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Chaos & Complex Systems Seminar
The invention of public radio at the UW--Madison Physics Department, 1917-1919
Date: Tuesday, April 3rd
Time: 12:05 pm - 1:00 pm
Place: 4274 Chamberlin (Refreshments will be served)
Speaker: Jim Reardon, UW Department of Physics
Abstract: From April 1917-March 1919 Prof. Earle Terry of the UW-Physics Department was able to continue research in wireless voice telephony--what we would now call AM radio--while all through the rest of the world, non-military radio research was halted by World War I. By the end of this time, he and graduate student Cyril Jansky were able to make triode vacuum tubes capable of dissipating more than 50 W, allowing his station 9XM to transmit voice intelligible at a range of 130 miles. Terry and Jansky freely shared their work with researchers at other Universities, which contributed to the proliferation of College and University radio stations in the 1920's, the ancestors of what we now know as public radio. The talk will feature a replica of the original 9XM transmitter, constructed as part of the celebration of the centennial of the Ingersoll Physics Museum.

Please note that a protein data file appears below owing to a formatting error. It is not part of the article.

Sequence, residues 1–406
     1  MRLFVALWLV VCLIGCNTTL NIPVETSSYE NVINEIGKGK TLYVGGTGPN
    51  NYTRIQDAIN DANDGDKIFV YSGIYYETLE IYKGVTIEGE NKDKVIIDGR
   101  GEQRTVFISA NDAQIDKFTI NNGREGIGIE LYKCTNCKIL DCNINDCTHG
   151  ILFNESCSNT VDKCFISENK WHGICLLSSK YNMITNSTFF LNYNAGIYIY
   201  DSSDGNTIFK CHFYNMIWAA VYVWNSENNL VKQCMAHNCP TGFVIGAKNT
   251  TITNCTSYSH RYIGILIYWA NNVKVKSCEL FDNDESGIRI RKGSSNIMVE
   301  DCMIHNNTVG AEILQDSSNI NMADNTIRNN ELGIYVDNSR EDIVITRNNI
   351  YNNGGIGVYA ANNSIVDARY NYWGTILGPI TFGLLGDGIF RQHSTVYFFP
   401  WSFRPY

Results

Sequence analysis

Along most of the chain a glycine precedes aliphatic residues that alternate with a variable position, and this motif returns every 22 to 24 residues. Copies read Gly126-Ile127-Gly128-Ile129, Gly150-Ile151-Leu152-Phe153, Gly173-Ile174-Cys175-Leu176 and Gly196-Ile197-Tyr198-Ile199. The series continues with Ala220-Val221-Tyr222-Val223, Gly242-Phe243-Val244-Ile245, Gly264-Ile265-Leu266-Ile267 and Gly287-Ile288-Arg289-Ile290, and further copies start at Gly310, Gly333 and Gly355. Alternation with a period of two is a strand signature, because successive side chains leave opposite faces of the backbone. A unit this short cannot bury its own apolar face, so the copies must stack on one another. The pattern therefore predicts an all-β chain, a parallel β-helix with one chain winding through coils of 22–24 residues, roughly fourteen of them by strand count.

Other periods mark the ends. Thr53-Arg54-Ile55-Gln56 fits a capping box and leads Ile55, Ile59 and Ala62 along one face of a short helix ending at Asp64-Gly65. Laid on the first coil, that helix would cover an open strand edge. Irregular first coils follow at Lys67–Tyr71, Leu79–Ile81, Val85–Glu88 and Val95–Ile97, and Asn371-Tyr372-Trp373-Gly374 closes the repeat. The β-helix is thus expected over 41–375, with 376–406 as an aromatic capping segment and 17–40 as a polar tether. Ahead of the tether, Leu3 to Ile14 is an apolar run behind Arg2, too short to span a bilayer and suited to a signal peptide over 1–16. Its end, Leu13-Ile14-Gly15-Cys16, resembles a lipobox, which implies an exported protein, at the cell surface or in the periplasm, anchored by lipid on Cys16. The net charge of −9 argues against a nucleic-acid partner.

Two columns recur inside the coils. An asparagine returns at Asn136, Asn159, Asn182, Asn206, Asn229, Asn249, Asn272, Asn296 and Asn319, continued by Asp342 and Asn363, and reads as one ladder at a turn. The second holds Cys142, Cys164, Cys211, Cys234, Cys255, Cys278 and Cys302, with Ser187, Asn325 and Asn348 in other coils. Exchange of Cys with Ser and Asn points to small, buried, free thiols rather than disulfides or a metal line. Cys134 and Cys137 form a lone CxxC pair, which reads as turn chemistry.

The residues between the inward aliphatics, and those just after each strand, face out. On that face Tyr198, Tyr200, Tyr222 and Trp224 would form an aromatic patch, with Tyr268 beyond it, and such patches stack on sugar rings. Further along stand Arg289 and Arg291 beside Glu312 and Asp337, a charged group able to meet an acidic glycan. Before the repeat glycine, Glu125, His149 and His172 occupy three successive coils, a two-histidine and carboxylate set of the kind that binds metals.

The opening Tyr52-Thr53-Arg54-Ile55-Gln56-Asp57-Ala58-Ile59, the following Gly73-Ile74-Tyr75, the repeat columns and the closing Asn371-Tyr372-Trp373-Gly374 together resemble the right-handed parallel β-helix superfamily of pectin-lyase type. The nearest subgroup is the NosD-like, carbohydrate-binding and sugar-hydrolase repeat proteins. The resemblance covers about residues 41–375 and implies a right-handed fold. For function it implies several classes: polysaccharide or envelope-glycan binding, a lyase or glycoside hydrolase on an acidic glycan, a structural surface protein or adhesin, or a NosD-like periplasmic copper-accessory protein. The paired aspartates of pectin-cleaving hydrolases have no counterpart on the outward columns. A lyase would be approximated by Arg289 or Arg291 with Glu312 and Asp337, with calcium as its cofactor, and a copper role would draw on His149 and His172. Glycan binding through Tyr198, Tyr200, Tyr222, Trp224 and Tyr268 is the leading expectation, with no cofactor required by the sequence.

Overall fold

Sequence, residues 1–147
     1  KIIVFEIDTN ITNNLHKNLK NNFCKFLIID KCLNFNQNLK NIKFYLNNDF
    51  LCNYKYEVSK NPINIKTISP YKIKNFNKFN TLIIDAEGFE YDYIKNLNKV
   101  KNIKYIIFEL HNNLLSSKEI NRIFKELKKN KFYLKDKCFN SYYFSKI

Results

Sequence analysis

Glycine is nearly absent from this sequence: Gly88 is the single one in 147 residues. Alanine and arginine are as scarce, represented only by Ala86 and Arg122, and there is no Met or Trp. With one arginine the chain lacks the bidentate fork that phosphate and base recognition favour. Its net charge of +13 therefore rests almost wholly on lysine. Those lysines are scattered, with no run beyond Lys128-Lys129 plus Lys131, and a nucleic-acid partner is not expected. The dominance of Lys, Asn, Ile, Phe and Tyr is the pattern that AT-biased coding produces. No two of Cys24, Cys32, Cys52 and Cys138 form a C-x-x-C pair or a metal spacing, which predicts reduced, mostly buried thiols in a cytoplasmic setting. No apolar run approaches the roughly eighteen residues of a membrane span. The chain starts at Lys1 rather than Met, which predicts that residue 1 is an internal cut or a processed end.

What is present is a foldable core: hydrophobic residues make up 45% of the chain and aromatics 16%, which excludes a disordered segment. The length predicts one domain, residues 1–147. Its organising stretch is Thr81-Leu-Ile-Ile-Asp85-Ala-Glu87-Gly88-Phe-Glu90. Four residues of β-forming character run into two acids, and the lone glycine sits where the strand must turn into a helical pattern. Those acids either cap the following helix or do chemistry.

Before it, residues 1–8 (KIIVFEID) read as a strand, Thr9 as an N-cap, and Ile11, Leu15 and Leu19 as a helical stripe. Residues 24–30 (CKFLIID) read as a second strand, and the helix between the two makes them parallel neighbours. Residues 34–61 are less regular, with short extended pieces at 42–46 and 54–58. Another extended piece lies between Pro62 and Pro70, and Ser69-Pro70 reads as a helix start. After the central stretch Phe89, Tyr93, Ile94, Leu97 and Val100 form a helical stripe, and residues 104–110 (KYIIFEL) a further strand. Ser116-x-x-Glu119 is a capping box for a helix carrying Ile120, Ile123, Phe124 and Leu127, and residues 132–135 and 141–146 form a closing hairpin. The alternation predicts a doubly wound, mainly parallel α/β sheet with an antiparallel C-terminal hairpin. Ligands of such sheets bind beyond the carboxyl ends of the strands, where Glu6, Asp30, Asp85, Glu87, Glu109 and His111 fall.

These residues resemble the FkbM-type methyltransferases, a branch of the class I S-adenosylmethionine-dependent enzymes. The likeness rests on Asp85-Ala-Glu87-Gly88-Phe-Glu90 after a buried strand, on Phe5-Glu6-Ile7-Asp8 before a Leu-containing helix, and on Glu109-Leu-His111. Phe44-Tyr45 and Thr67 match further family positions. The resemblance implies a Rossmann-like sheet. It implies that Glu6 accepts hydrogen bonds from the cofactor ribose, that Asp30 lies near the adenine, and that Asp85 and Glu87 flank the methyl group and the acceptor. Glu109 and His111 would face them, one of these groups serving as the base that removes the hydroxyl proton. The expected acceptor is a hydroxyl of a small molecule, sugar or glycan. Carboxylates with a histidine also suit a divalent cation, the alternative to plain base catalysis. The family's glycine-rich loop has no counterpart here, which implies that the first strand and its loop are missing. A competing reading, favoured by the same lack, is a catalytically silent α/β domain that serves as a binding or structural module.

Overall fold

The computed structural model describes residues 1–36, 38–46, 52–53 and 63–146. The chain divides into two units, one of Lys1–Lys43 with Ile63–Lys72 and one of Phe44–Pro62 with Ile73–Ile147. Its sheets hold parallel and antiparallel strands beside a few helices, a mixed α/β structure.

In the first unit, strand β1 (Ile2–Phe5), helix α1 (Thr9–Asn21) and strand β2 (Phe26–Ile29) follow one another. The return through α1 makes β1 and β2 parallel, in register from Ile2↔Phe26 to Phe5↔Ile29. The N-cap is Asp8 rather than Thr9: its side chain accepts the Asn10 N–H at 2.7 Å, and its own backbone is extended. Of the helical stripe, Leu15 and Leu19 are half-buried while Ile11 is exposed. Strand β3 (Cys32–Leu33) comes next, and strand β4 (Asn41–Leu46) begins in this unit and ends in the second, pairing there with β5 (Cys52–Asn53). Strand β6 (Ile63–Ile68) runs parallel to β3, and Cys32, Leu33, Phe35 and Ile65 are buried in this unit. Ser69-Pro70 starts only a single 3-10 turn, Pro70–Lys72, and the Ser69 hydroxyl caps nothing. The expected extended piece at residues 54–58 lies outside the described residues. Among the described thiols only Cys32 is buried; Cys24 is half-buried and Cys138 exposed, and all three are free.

Host: Clint Sprott
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